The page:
Swiss financial markets regulator issues guidelines on salaries

The Swiss banking regulator issues guidelines governing remuneration for those working at Swiss banks and decides not to impose a cap on salaries or bonuses.

The Swiss Financial Market Supervisory Authority (Finma) last week issued a circular effective January 1 next year governing remuneration practices in the financial sector and said its aim is to have a lasting impact on how salaries for financial sector professionals are designed. However, Finma decided against levying an absolute or relative cap on bonus payments.

Finma has paid "particular attention" to bonus payments, terming it "the employees' stake in the success of the company" however has not imposed a ceiling on bonuses. Finma makes the point that variable compensation should be dependent on whether performance which has been delivered is sustainable and the risks associated with the profits. Further, Finma suggests banks should ensure their cost of capital is covered, including providing risk capital, and firms should take into account their capital and liquidity situation before paying out bonuses. Finma says in the circular it aims to "prevent high variable remuneration being granted merely as a result of entering into large risks and generating short-term, unsustainable earnings".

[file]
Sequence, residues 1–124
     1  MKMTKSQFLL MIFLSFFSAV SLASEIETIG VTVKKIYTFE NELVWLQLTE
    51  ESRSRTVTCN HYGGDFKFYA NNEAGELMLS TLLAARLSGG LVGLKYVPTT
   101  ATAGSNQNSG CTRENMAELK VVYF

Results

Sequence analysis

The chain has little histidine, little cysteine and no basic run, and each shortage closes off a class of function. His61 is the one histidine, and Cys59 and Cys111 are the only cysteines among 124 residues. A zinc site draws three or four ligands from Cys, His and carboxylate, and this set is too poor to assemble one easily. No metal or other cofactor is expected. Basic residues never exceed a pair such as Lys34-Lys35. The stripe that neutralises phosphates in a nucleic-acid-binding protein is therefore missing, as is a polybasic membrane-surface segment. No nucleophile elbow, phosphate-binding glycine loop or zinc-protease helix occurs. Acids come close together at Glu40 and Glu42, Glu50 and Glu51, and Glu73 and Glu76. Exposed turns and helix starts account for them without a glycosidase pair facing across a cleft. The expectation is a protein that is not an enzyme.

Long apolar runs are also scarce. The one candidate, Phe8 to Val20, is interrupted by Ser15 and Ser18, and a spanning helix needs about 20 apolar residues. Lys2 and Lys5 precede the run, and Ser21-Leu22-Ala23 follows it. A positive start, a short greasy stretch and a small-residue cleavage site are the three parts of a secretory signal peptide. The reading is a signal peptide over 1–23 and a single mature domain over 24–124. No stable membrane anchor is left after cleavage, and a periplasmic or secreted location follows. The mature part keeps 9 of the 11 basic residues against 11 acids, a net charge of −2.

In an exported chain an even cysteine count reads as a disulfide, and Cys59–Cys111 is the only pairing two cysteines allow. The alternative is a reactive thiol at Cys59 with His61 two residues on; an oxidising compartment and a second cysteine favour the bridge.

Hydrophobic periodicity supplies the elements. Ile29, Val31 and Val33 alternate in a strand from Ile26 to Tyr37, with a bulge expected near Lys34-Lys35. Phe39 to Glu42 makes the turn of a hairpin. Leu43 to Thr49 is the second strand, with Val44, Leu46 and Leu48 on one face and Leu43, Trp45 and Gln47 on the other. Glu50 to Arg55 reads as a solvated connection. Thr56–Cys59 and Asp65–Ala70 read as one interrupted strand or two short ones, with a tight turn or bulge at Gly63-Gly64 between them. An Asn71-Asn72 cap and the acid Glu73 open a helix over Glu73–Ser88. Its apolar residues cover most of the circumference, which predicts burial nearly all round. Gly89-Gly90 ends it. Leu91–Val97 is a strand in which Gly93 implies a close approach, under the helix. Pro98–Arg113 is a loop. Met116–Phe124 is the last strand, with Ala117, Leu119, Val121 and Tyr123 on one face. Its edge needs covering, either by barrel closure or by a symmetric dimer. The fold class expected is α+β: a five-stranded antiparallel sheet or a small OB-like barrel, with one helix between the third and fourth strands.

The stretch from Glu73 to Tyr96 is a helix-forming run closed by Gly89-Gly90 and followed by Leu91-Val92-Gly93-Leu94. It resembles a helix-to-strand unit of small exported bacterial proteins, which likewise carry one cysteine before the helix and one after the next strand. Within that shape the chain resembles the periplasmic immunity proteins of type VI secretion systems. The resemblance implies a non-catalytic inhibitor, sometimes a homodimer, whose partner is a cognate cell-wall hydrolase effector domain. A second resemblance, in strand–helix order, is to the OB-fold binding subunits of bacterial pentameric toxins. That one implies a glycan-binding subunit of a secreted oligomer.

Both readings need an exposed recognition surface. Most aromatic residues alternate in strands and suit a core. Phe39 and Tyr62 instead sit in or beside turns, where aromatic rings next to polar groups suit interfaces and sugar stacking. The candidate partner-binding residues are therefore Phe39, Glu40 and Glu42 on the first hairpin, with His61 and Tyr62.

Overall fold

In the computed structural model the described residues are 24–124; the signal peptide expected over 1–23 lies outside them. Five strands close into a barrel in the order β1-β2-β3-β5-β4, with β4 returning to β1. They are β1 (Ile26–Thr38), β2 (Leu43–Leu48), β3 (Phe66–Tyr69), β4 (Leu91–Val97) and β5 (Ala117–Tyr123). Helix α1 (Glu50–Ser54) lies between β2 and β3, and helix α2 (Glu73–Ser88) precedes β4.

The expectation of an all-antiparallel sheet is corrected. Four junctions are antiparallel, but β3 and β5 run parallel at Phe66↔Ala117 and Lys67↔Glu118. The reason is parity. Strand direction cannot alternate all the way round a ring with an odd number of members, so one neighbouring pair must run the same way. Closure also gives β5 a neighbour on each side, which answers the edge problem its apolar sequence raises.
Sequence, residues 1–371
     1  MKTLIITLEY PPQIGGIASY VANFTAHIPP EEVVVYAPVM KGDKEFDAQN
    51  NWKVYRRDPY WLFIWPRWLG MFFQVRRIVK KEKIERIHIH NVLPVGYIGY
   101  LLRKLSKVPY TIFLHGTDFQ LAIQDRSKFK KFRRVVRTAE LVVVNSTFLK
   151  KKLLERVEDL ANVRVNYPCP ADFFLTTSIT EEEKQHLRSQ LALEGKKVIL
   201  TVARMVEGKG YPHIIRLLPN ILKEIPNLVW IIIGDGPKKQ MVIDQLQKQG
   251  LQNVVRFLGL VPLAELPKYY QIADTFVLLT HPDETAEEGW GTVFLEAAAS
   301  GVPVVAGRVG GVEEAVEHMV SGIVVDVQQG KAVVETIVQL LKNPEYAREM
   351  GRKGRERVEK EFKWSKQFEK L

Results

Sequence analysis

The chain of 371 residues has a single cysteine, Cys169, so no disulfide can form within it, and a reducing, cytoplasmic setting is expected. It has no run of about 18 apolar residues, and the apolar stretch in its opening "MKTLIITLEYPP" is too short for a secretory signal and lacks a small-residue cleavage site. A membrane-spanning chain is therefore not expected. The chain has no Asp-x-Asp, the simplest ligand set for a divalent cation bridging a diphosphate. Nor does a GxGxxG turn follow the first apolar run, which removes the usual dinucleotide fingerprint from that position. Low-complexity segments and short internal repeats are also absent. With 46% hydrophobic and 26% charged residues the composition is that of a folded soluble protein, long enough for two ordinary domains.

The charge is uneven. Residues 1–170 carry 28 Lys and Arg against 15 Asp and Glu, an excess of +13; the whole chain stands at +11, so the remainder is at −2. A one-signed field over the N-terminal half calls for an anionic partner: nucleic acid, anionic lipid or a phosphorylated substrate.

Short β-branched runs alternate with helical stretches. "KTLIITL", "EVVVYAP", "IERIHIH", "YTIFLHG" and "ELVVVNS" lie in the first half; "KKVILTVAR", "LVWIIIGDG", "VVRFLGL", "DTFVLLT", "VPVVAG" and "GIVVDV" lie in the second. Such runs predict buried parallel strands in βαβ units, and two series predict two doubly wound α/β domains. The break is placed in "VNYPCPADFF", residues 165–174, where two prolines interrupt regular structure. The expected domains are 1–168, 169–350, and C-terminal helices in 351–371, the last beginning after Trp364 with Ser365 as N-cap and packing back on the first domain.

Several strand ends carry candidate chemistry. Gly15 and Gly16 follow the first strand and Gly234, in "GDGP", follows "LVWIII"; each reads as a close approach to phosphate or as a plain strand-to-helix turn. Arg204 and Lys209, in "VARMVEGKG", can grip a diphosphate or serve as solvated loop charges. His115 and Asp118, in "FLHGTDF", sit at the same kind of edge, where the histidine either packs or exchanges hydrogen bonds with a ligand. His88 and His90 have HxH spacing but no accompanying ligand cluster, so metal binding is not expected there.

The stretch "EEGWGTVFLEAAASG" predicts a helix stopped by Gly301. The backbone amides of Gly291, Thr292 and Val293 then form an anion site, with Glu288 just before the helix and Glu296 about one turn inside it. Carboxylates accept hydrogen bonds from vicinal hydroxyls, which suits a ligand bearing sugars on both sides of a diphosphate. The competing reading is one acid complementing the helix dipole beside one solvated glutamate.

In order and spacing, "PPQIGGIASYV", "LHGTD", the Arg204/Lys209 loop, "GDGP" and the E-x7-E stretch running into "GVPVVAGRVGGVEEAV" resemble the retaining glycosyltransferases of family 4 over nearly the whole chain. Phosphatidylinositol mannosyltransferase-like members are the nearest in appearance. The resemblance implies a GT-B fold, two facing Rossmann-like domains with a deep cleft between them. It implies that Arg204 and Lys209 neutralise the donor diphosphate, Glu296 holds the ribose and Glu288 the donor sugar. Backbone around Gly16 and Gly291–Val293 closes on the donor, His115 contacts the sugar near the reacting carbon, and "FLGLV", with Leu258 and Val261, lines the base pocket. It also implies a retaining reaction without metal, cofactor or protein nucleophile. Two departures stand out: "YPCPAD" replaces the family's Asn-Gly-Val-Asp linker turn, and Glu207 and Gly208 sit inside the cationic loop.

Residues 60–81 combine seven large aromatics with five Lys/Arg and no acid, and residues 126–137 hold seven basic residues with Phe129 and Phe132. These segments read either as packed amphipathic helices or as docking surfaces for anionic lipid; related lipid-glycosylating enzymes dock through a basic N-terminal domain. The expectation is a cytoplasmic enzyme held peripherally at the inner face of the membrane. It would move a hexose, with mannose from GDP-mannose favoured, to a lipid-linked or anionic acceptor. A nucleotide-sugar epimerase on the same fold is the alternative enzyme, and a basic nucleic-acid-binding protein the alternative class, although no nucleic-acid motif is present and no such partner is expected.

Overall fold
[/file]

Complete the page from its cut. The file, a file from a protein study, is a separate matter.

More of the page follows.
Finma also stipulates that senior employees and decision-makers should receive a significant portion of their bonus in deferred payments and linked to risk. "Making the value of deferred remuneration such as blocked shares dependent on the future performance of the institution and its risks will strengthen risk awareness and the incentive for sustainable business," said Finma. Finma also said it welcomes clawbacks, whereby bonus payments to employees can be rescinded if losses emerge in future years, or malus, whereby bonuses are held in escrow and not paid out if subsequent events show profits were unsustainable or due to large amounts of risk-taking. UBS announced new compensation practices in November last year, including the introduction of a malus scheme.

Only Switzerland's seven-largest banks and five-largest insurance providers are governed by the new rules, which are mandatory for firms required to have at least SFr2 billion ($1.99 billion) of capital. Adopting the new guidelines is discretionary for Switzerland's other financial institutions including banks, securities traders, insurance providers and other firms in the financial sector. However, Finma has the right to impose the guidelines on any firm that it feels has a high risk profile or "shortcomings and inappropriate remuneration practices".

Finma also said that while it expects the board of directors of the firm to share the company's remuneration policy and salary structures with shareholders, it will not insist that specific employees and their remuneration be disclosed.

Credit Suisse announced new rules governing compensation for senior employees at the end of October. The Swiss firm has increased the fixed component of salary for managing directors and directors, while linking variable compensation to return-on-equity.

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